AT&T owns >630 MHz nationwide of mmWave spectrum + HPE partnership for Edge Networking & Computing
Following the close of FCC Auction 102, AT&T won 24 GHz spectrum in 383 Partial Economic Areas (PEAs) for a nationwide average of 254 MHz. All of the licenses won were in the more valuable upper 500 MHz portion of the 24 GHz band, giving AT&T stronger nationwide coverage and additional spectrum depth and capacity in many top markets where demand is often greatest. In the top 10 markets alone, AT&T won nearly 286 MHz on average, including 300 MHz in 8 of those markets.
“We’re leading the nation in mobile 5G deployment and the large, contiguous block of spectrum we won in Auction 102 will be critical to maintaining that leadership,” said Scott Mair, president of AT&T Operations. “We’ve already been recognized for having the nation’s fastest1 and best2wireless network, and by further strengthening our spectrum position, we intend to build on our success. I’d like to congratulate and thank the FCC on the conclusion of another successful auction.”
The licenses it won cover all top 50 PEAs and 99 of the top 100 PEAs. When added to the mmWave spectrum AT&T already holds in the 39 GHz band, AT&T’s average spectrum depth in mmWave increased by two-thirds to more than 630 MHz nationwide.
AT&T will use the spectrum to bolster its mobile 5G strategy. AT&T was the first U.S. wireless carrier to introduce mobile 5G service. The company’s 5G service is currently available in parts of 19 cities – more than any other wireless carrier – with plans to reach parts of 29 cities by the end of 2019. In the first half of 2020, the company expects to have the best combination of mobile 5G, providing high speeds and low latency service over mmWave spectrum and nationwide 5G service over “sub-6” spectrum.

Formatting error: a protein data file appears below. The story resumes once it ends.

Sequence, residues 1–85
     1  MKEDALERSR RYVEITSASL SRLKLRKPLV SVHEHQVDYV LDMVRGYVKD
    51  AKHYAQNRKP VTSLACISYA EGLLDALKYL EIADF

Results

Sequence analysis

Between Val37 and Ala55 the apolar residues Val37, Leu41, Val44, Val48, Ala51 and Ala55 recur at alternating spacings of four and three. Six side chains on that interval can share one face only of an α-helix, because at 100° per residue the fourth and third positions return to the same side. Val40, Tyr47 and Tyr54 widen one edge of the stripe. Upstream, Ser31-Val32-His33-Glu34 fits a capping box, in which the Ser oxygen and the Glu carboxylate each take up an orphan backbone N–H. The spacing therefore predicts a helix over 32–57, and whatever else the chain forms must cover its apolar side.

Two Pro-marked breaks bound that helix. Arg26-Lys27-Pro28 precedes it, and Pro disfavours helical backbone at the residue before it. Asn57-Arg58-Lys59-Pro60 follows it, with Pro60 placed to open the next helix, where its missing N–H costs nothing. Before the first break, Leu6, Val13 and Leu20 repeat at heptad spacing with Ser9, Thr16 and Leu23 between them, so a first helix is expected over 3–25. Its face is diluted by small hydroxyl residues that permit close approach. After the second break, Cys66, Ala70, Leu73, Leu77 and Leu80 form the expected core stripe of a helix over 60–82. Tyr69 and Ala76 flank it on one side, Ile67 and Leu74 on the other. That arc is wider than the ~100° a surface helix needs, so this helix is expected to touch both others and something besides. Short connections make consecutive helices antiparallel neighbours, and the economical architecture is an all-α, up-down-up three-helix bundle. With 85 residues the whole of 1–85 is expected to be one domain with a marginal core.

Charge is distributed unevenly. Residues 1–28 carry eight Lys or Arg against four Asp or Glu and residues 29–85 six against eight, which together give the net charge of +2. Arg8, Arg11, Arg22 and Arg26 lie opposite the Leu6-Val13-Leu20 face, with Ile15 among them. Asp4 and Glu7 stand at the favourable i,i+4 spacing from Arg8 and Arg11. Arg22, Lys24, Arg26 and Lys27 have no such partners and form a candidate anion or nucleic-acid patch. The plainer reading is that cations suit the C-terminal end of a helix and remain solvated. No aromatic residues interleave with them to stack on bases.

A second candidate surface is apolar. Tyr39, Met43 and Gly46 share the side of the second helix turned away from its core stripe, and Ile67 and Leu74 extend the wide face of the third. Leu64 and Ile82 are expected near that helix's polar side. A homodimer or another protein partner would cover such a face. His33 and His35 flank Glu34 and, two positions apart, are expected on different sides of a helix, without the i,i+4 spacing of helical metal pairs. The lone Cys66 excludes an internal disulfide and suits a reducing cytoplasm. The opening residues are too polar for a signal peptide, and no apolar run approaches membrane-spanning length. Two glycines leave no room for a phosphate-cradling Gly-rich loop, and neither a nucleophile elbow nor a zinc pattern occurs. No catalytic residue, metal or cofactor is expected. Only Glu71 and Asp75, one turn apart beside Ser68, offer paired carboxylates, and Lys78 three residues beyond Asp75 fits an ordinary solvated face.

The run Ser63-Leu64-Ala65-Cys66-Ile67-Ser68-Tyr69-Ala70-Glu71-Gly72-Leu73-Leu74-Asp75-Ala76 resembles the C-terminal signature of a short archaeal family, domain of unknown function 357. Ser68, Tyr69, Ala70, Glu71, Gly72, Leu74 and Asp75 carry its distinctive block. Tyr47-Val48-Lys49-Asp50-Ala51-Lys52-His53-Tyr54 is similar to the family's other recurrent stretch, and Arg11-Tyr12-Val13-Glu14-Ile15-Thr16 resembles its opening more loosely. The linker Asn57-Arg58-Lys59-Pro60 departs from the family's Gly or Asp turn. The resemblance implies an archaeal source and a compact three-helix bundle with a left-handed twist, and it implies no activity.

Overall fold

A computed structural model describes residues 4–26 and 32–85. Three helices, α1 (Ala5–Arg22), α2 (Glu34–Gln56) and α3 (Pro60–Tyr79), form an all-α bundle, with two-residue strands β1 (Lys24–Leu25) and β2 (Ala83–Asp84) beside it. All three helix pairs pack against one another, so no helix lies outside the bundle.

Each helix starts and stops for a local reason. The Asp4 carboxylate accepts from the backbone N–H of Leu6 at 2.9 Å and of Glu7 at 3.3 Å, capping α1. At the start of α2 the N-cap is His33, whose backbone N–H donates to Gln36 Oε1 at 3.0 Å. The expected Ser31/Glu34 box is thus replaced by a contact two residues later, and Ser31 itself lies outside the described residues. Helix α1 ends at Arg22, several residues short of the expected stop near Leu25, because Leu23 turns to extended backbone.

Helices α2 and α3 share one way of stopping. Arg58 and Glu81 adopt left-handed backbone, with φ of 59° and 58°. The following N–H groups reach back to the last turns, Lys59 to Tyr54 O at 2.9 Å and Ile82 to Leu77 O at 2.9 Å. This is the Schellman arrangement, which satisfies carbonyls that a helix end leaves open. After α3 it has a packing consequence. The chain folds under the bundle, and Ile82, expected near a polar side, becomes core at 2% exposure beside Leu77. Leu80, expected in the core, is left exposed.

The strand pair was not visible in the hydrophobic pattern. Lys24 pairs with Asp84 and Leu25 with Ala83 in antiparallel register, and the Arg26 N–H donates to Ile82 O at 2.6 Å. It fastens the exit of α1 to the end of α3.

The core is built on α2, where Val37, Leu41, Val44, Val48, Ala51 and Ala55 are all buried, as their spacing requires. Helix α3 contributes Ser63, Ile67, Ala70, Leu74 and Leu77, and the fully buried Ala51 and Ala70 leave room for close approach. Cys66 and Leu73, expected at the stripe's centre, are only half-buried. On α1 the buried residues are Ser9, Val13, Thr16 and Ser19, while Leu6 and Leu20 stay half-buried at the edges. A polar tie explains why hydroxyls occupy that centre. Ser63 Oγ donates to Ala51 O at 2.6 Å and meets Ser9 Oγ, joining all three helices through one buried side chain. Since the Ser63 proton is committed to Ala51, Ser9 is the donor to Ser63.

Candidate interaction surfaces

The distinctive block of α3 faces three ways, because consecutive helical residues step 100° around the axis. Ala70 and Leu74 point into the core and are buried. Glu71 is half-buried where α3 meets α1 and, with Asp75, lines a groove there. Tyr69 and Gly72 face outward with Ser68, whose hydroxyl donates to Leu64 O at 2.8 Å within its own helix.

The company spent about $980 million to win an average of 254 MHz of 24 GHz spectrum in 383 out of about 400 total partial economic areas (PEAs) nationwide. The winnings supplement the company’s previous millimeter wave spectrum holdings in the 39 GHz band.
The key appeal of millimeter wave spectrum is that large swaths of it are available, enabling the spectrum to support the highest speeds – although service deployed in the millimeter wave band has less range than service deployed in lower-frequency bands. AT&T’s initial 5G deployments have been in the millimeter wave band, but the company eventually expects to use a combination of millimeter wave and lower frequency spectrum to support 5G.
The average 630 MHz of millimeter wave spectrum that AT&T now holds in key markets would appear to position the company well to support high speeds, as the company previously achieved speeds of 1.2 Gbps in trials using a 400 MHz channel over a distance of 150 meters.
The company also has said that it has seen speeds as high as 400 Mbps on its commercial 5G network, although it cautioned that average speeds are lower.
AT&T also noted in a press release that the licenses it won in the 24 GHz band were in the “valuable” upper 500 MHz of the 24 GHz band and that the licenses cover all top 50 PEAs and 99 of the top 100 PEAs.
Late last year, AT&T was the first U.S. carrier to launch mobile 5G service, although the company did not have a smartphone available for use with the network until last week. Customers initially used 5G-capable Wi-Fi hotspots that work with virtually any smartphone to access the network, which now covers parts of 19 cities. AT&T plans to expand to parts of 10 more cities by the end of 2019 and to launch nationwide service in the first half of 2020.